It doesn’t matter what age they are, it’s never a nice feeling to fight with your children.
Regardless of who was in the wrong, you’re left with a pain in your heart, a pit in your stomach and a desperate need to make things right.
Of course, those feelings might also be battling with a sense of self-righteous anger and frustration at your child’s behaviour.
However, it’s always in everyone’s best interests to put an end to the animosity between you before the tension spreads to the rest of the family.
Here are a few ways to help you reconnect with your child after a fight:
1. Remove yourself from the heated situation
If you’re in the middle of a shouting match with your child and you can only feel your fury increasing, it’s time to step away and physically remove yourself from the room.
Take some time to cool off, breathe deeply and structure what you want to say in your head so you don’t blurt out something you end up regretting.
If you accused your child of doing something they didn’t do, it’s important that you apologise straight away.
However, even if you weren’t responsible for the row erupting, you’re the adult in the situation and you need to apologise for whatever role you played in the fight.
3. Be the bigger person
Even if you’ve apologised, don’t be surprised if your child isn’t ready to make amends immediately. They might think they’re in a position of power but they’re not really. If they give you the silent treatment, don’t engage.
Just keep talking to them and if they don’t reply, acknowledge the silence by saying something like, ‘Still not talking to me? Ok, well, I’m sure you’ll talk when you’re ready,’ and carry on as normal.
4. Talk about what caused the fight
If you and your child clash about her going to her friend’s house for the night, there’s probably more to it than just the sleepover. Once you’ve had the fight, sit down and figure out what it is that’s bothering you both.
For your teen, she might see it as you keeping her from her friends and worsening her social situation. For you, it could be about what’s going to happen at the sleepover, whether it’s chaperoned and/or who else will be there.
5. Explain your side
It’s very hard to stay mad at someone who has your best interests at heart and has a very logical reason for fighting with you over something.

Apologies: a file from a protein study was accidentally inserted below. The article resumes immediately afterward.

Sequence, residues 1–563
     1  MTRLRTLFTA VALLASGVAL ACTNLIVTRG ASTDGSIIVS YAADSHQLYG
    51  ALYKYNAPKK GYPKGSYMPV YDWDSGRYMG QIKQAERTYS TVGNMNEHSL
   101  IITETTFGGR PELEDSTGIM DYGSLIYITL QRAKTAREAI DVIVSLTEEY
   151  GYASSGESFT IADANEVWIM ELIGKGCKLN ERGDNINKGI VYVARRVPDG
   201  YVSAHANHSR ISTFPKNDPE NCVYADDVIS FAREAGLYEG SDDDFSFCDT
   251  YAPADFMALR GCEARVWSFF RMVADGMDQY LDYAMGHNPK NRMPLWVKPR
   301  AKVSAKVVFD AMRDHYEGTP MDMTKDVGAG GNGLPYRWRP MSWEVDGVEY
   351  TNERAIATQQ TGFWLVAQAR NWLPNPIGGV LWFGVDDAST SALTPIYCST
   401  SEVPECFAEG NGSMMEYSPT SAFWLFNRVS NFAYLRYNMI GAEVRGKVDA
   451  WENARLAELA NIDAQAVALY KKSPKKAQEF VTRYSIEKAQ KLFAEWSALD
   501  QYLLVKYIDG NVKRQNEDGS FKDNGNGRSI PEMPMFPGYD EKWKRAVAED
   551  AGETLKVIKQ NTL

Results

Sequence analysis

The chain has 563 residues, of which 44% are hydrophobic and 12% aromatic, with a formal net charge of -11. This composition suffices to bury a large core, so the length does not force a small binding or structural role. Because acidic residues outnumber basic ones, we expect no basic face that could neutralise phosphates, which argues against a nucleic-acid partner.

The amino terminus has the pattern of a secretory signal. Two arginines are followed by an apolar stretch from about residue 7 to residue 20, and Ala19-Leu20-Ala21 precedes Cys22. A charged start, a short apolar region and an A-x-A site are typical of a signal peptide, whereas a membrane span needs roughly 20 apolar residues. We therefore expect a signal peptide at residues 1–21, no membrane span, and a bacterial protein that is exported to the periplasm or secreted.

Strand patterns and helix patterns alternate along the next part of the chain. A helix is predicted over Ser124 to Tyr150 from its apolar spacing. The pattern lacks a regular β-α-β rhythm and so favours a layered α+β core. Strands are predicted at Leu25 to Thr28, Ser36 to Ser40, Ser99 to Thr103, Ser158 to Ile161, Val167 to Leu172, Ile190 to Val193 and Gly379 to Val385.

It might feel unnatural to be vulnerable with your child about your worries but if you treat them as an equal, chances are they’ll respond much more maturely to your request.
At the very least, they will see where you’re coming from and help to put your mind at ease.
6. Ask their opinion on how to solve the problem
In order to keep the peace, it’s good to brainstorm together to think of ways that you can avoid fights in the future.
If you child comes up with an idea on their own, they will be much more likely to do it than if you impose strict rules or guidelines.
Tell them you love them
It’s quick, it’s easy, it’s the truth and it will probably diffuse a heated situation faster than anything else.
Even if your child is still mad, at least they’ve heard you and they know that whatever happens, you’re there to listen and forgive them when they’re ready.
7. Do something fun together
The last thing you want is for your child to associate you with nagging, fighting or tension. So, with that in mind, if you’ve had a row, you should have a positive experience to counteract it.
Go to a match, get your nails done, have a day at the beach, grab a hot chocolate and go for a walk in the park… It doesn’t have to be fancy but make sure it’s something you will both enjoy!
8. Talk to someone you trust
Fighting with your child can be a very emotional experience for some parents and even if things between you are good again, that doesn’t mean that you won’t still be carrying some residual guilt, shame or frustration.
It’s important to vent your feelings so find someone you trust, who will actively listen to you and who can empathise with what you’re going through.